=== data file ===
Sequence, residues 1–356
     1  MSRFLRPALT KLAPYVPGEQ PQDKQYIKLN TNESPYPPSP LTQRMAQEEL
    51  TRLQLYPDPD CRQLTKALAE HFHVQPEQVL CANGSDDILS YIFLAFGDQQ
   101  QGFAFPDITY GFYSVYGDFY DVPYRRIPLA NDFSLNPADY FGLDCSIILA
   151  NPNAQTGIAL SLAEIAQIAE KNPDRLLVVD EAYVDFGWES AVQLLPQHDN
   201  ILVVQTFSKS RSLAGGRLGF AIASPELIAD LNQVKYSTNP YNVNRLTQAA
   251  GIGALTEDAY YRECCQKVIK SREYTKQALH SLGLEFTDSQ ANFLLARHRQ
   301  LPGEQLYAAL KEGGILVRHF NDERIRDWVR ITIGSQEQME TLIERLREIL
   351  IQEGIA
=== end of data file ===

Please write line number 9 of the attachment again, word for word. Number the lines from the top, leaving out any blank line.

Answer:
   351  IQEGIA